Why study math?

Mathematics teaches logic, accurate reasoning, abstract and critical thinking, analytical skills, and analytical attitude.

This means as a mathematician you pay attention to all the assumptions involved in a given problem or situation, and you learn to break down complex problems into a series of simple steps. Such skills and attitudes are highly valued by employers as well as graduate and professional schools.

Learn more about what mathematicians do and why employers value these skills.


Sarah Golding, Ph.D., (left) and Allison Johnson, Ph.D., talk with faculty during a Leaders for Inclusive Learning faculty development workshop in summer 2021. In the yearlong Leaders for Inclusive Learning program, faculty worked to increase student success through inclusive teaching and learning practices and have taken those practices back to their faculty peers in their departments for even greater impact. (Alexis Finc, VCU College of Humanities and Sciences)

July 13, 2022

The goal? Success for every student

Leaders for Inclusive Learning program trains instructors on how best to serve their students and lead systemic change.

Allison Moore

July 8, 2022

Moore receives funding through National Science Foundation

Allison Moore, Ph.D., has been at VCU since 2019 and is an assistant professor of mathematics

At STEAM Day, Mychal Smith, Ph.D., an assistant professor of chemistry at VCU, turns a pickle into a battery for fifth-graders at Patrick Copeland Elementary School in Hopewell. VCU students and faculty volunteered on the first day of spring break to teach grade-school students about science, technology, engineering, the arts and math. (Alexis Finc, VCU College of Humanities and Sciences)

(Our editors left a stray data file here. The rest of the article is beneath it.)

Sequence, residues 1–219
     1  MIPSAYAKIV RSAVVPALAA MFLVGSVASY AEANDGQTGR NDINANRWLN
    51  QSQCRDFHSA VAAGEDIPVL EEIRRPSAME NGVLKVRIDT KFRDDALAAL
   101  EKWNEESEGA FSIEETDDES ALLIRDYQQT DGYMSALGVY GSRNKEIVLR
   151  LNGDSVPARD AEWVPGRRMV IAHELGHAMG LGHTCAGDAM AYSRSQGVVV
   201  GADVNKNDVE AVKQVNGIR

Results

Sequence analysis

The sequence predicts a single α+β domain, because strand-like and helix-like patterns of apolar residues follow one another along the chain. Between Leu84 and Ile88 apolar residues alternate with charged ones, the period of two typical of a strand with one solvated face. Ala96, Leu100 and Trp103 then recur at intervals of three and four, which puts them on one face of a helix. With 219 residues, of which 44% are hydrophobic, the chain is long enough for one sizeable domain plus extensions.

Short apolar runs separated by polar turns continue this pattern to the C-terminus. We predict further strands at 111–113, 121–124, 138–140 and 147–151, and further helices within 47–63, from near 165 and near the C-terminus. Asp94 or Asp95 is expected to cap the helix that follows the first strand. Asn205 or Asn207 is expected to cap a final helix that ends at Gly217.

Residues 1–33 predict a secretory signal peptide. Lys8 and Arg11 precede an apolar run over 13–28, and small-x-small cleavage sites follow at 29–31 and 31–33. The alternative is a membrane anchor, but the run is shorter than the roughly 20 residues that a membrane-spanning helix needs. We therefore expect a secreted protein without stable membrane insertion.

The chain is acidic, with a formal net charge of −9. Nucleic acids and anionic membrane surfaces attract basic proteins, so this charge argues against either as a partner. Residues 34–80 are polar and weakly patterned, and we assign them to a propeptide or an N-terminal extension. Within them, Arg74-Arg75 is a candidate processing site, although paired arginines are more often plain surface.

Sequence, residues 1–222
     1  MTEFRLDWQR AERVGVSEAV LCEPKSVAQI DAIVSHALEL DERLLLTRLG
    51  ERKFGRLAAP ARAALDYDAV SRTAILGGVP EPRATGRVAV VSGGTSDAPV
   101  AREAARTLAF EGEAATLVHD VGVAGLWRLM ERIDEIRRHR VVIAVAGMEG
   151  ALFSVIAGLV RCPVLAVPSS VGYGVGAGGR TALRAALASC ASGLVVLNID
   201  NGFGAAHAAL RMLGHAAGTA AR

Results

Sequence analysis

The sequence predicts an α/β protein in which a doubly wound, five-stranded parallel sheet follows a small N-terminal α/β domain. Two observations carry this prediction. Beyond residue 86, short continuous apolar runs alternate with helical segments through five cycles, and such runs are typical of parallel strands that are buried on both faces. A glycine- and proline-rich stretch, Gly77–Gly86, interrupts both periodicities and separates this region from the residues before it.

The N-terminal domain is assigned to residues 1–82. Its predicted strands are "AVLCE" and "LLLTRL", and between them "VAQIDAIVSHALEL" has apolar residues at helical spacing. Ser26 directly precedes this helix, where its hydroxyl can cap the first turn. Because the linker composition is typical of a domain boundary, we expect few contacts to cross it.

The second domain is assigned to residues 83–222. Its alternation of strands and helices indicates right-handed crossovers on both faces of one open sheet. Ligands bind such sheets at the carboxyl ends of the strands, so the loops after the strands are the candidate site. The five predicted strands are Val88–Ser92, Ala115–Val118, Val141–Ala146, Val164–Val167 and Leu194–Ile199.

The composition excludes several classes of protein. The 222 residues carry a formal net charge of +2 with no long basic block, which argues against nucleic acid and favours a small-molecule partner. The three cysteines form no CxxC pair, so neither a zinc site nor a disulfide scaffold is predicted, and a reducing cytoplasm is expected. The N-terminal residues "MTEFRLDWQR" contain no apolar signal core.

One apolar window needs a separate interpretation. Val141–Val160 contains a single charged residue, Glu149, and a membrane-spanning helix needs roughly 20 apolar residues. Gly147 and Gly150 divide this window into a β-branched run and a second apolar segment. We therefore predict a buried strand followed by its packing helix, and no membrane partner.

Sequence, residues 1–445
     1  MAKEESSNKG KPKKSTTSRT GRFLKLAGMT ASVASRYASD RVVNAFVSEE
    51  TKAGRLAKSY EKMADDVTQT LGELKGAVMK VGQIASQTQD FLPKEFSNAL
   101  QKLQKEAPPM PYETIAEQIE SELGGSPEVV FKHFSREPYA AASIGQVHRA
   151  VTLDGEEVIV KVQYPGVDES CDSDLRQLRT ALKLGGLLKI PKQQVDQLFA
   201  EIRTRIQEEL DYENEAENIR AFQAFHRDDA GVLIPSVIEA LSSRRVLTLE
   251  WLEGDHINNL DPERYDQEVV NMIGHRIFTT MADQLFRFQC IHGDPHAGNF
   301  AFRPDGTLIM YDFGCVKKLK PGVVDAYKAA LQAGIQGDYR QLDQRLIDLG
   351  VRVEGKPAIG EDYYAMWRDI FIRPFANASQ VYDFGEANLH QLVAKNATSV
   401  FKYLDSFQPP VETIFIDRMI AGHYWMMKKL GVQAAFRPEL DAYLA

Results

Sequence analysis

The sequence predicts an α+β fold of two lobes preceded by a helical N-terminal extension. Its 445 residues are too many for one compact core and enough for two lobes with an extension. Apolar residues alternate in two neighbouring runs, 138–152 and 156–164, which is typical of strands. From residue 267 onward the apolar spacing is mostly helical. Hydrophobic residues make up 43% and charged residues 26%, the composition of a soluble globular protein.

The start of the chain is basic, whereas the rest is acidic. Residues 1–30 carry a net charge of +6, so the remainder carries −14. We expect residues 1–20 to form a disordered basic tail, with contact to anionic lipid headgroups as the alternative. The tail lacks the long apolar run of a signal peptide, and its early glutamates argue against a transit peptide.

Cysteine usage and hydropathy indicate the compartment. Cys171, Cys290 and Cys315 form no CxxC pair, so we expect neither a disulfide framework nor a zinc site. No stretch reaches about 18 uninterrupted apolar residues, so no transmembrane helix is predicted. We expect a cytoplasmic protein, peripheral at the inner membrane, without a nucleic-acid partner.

March 10, 2022

VCU students open Hopewell grade schoolers’ eyes to science at STEAM Day

On their first day of spring break, VCU science, technology, engineering, arts and math students showed off science experiments to students at Patrick Copeland Elementary School.

Math Spotlight

Meet Christopher

Christopher Flippen started out a computer science major, but found his math courses so much fun that he decided to add math as a second major. Visit our 'Meet a Student' page to read more about Christopher's favorite classes, favorite professors, and the three research projects that led him to a research interest he plans to pursue at the graduate level after completing his bachelor's degree.

christopher flippen